Powerful Murine Models for Preclinical Drug Testing from Jackson Laboratory and Caliper Life Sciences

Thursday, October 15 2009
8:00 am – 10:00 am

Join the Drug Disovery Committee for "Powerful Murine Models for Preclinical Drug Testing from Jackson Laboratory and Caliper Life Sciences.


"Going after the real killer: metastasis. Non-invasive visible light imaging enabling fast and efficient evaluation of new drug candidates"

Peter Lassota Ph.D.,Divisional Vice President Imaging Biology & Oncology Caliper Life Sciences

Abstract: "Recent demonstration that several "flagship" anticancer agents effective in slowing the growth of primary tumors may actually promote the spread of metastasis, calls for more thorough evaluation of each oncology drug in development. Introduction of non-invasive visible light imaging made possible using models of spontaneous metastasis, as well as GEM models, where the entire process of tumor development closely resembles one seen in patients, for routine evaluation of new anticancer treatments. In our presentation we will discuss models of spontaneous metastasis utilizing luciferase-labeled human and murine cancer cells, as well as luciferase-labeled genetically driven mouse cancer models"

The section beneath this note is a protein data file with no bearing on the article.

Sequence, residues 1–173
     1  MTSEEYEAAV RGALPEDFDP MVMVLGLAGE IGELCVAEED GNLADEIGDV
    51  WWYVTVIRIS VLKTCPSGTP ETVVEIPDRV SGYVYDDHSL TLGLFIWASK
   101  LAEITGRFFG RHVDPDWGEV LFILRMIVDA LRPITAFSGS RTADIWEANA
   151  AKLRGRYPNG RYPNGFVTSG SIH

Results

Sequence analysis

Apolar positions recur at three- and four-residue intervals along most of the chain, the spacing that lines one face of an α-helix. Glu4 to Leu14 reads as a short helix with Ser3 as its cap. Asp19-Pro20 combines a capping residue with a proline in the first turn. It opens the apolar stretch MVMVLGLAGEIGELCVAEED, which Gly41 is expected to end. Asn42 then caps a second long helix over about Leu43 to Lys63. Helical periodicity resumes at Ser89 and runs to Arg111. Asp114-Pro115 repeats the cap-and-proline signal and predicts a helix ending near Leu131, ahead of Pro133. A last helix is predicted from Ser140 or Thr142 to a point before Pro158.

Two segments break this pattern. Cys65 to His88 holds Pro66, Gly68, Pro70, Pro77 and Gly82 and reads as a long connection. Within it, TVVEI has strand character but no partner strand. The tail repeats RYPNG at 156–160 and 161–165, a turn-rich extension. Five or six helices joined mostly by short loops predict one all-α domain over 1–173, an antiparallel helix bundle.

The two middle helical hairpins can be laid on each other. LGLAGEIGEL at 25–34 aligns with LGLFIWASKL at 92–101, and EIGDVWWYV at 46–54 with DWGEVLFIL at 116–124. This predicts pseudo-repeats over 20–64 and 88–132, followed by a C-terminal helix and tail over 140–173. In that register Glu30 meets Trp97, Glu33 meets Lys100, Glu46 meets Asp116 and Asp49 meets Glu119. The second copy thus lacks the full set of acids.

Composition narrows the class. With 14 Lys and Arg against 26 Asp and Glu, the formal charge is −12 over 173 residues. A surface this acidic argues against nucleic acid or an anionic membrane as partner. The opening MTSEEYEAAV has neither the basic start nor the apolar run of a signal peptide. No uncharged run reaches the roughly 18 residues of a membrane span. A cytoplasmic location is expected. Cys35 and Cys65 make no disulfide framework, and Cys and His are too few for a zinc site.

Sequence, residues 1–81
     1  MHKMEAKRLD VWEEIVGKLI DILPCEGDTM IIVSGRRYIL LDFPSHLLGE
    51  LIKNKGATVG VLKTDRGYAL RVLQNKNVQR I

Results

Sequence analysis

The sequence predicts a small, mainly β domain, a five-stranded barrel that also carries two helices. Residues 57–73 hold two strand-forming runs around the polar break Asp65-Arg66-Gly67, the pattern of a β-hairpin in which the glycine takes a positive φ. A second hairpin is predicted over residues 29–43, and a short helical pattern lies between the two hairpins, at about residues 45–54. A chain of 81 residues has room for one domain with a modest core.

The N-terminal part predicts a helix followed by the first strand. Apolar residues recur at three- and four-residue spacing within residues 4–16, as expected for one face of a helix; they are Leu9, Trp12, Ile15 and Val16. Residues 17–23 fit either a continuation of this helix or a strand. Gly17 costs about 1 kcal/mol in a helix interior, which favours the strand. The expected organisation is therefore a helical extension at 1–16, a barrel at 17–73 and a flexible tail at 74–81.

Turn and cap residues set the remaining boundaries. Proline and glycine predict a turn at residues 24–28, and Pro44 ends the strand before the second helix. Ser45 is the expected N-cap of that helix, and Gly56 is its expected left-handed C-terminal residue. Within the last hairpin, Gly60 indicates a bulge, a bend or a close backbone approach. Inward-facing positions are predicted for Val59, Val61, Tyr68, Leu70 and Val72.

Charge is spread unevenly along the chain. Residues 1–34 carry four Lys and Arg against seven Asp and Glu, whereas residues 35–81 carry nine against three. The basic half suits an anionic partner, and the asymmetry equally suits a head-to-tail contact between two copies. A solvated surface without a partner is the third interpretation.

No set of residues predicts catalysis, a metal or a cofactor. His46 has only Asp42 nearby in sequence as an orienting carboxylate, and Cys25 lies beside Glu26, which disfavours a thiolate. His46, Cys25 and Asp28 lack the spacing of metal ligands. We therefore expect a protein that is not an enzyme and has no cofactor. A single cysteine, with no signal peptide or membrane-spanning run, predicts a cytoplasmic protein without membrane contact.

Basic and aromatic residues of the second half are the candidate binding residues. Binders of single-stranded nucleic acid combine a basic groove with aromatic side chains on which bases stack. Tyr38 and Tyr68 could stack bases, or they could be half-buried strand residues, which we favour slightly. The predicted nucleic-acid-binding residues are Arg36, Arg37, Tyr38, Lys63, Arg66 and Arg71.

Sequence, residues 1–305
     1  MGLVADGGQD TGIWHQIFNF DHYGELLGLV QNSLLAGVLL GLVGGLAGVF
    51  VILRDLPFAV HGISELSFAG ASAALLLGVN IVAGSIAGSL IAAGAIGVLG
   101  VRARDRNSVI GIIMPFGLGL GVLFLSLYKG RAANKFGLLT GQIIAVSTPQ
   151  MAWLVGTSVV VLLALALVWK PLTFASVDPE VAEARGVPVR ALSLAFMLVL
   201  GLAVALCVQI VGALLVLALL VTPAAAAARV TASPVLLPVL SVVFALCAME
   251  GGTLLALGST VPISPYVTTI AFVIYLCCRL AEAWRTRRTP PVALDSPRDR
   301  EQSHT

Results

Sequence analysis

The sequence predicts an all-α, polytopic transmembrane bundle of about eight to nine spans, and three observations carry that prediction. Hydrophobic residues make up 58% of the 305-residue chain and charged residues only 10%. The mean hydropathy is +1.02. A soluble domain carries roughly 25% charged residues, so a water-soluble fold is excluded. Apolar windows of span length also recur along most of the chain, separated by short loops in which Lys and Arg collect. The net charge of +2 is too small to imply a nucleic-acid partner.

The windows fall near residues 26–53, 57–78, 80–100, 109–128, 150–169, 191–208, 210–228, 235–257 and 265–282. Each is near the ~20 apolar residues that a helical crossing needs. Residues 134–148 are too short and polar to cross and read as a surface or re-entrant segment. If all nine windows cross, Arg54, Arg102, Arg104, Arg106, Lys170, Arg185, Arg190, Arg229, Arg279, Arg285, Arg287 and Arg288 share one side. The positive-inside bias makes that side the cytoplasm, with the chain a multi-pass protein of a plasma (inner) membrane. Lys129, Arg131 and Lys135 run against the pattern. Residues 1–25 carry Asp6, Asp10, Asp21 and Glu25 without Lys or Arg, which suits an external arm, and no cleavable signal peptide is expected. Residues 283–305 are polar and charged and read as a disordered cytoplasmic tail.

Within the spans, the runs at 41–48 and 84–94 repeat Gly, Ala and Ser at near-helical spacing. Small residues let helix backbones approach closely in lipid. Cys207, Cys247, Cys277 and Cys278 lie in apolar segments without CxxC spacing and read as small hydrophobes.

The "humanized" mouse: Overcoming the mouse-human differences in the preclinical setting

Yan Yang, Ph.D., Business Unit Manager, In Vivo Services, The Jackson Laboratory

Abstract: Humanized mice are defined as immunodeficient mice engrafted with human hematopoietic stem cells.  These mouse-human chimeric animals offer a functional human immune system in a small animal model setting, thus enabling research on in vivo human biology that would otherwise not be possible owing to ethical, logistical and/or technical constraints.  The incorporation of the IL2 receptor gamma chain knockout mutation into the immunodeficient host has significantly increased the engraftment efficiency of human hematopoietic stem cells or peripheral-blood mononuclear cells.  The engrafted mice are proving to be powerful tools in preclinical testing across a broad range of therapeutic areas including autoimmune disease, drug toxicity on human hematopoiesis, gene therapy, infectious disease, and vaccine testing.



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